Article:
Duncan Watts is getting a lot of attention for attacking the notion that markets can be divided into influencers and influencees. The influential Seth Godin argues the market wants to gather into “tribes” of people who, no doubt, influence each other. On the other hand, he also argues for a more classical, top-down, influence-the-influencers approach as well. Guy Kawasaki buys into an extreme form of the Watts argument.
I agree with Godin, not Kawasaki. More precisely, I think there are many kinds and levels of influencer. The most important can be identified, and should be direct targets of your market outreach. But you should also be trying to reach an influencer “long tail” as well.
If selling enterprise technology, for example, you should separately target 8 different kinds of influencer, namely:
- Niche analysts. Large analyst firms like Gartner and Forrester have a lot of analysts, each of whom may be narrowly focused on an industry niche. The same goes for good specialty firms like Ferris Research. These analysts — whether clueful or otherwise — are often the ones who talk to your prospects, get quotes in the press, and frame issues for everybody else. Understand what they want, individual by individual, and give it to them. Understand their frames of reference and address them accordingly. Little else you do in marketing is as important.
- Robopress. Traditional trade press — or general reporters on technology beats — are getting ever more overworked and overwhelmed. While they want to do a good job, and often have the ability, their articles are usually just paint-by-numbers. Much as with the analysts, you have to learn about them one by one, then pitch accordingly. They still have remarkable reach, and often are also the triggers for blog and forum discussions.
- Big-picture analysts, press, and bloggers. For the past 10-12 years, in fat times and lean alike, the IT trade press has tried to not just report the news, but analyze it. (Of course, the same trend has been seen in the general media.) A large fraction of their effort is spent on columns and other analysis. A-list bloggers also see themselves as analysts. These influencers — along with some big-picture types at analyst firms — often hold forth on subjects they may not know a great deal about. When marketing to these people, your best shot is often to provide them with a hook or meme they then happily pass along to their many readers. Wider discussion may then ensue. Stock analysts may play this role as well (I certainly used to in my sell-side analyst days).
- Minor bloggers and forum posters. Here’s where the “long tail” starts. In any given area, there are rabid partisans who you want on your side if you can get them. On DBMS 2, I’ve been flamed for suggesting that FileMaker isn’t a capable database management system and also for asking whether it is a capable DBMS, the latter complete with smirking nofollow tags. I’ve also been flamed for being a relational (?) bigot and for not being a relational bigot. But the same people who rant like that also post perfectly sane things, and their passion inspires other like-minded folks. And of course many other people blog and post in calm, intelligent, reasoned ways, also influencing others.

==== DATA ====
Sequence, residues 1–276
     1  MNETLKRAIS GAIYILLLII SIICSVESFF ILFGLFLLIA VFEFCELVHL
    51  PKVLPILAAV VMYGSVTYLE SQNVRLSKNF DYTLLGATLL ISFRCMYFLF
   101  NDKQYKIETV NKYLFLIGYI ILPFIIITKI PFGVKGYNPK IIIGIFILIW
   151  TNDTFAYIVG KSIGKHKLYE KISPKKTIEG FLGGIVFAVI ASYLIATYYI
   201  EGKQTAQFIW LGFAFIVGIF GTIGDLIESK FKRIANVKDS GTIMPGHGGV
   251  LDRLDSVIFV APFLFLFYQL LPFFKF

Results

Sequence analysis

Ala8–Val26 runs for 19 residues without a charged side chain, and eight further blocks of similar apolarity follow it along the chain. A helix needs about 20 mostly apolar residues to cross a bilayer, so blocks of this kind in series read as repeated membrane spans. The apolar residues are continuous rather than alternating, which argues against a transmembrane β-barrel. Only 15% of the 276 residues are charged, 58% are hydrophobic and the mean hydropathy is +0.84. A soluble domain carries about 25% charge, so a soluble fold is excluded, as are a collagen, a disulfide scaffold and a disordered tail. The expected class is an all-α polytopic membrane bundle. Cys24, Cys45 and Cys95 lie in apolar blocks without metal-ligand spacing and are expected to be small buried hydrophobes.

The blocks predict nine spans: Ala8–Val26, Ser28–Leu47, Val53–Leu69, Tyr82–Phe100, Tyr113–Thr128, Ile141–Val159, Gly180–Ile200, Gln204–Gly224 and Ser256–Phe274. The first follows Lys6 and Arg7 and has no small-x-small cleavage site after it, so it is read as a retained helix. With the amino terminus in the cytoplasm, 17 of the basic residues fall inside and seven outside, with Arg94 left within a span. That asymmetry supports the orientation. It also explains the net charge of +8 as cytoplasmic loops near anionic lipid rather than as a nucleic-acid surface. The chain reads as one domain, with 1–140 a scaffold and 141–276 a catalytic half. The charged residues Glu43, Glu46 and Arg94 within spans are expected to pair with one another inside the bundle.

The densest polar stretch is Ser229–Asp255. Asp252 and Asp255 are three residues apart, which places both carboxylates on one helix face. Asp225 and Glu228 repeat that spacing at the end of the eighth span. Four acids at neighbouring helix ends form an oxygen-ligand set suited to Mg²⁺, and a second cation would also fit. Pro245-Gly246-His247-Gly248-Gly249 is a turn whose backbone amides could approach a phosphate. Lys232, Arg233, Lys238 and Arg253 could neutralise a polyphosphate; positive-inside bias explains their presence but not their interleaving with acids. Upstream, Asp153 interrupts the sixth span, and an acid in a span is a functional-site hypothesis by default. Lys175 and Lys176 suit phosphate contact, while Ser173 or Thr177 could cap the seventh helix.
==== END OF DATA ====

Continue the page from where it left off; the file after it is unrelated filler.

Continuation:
- References. References are, of course, the most important influencers there are. I don’t need to tell you that.
- Other peer-influential users. But references aren’t the only influential users. People who just talk to their peers are important as well. This could be customers, or it could just be people who were reached by your marketing but for whatever reason didn’t buy. Customers, favorably-impressed non-customers, unfavorably-impressed non-customers — these are all important long-tail influencers for you. Stay in touch with them, if you can. Update them on your messaging. Do things to make them like you.
- Internal references. Sometimes, somebody only influences her colleagues. But most of your revenue comes from add-on sales, or else soon will. Internal-only references are still crucially important.
- Internal enterprise gurus. Before you make a sale, you need a champion. Whether it’s a respected developer or something with an actual technology-evaluation job description, reaching internal gurus is critical. Besides, these people are often influential outside their companies, even if they don’t buy from you themselves.
Individuals, of course, can fit in multiple of these categories at once. Analysts may be deep in some niches, but have big-picture influence in a wider area. Many kinds of people have blogs. So I’m not advocating rigidly classifying people and coming up with eight separate outreach programs accordingly. I’m just telling you not to fall into the trap of neglecting some kinds of influencers while you overfocus on others.
Edit: Here are some additional links on the subject.
- Seth Godin has weighed in directly, continuing (as I read it) to straddle the point.
- SEO expert Aaron Wall pooh-poohs the point, arguing that communities have identifiable structure with key influencers.
- (June, 2011 edit — that link seems dead) Online marketing maven and philosophy student Maki has similar views to mine, but focused on categorizing kinds of influence rather than kinds of influencer.
- Paul Gillin added some excellent thoughts on influencer marketing.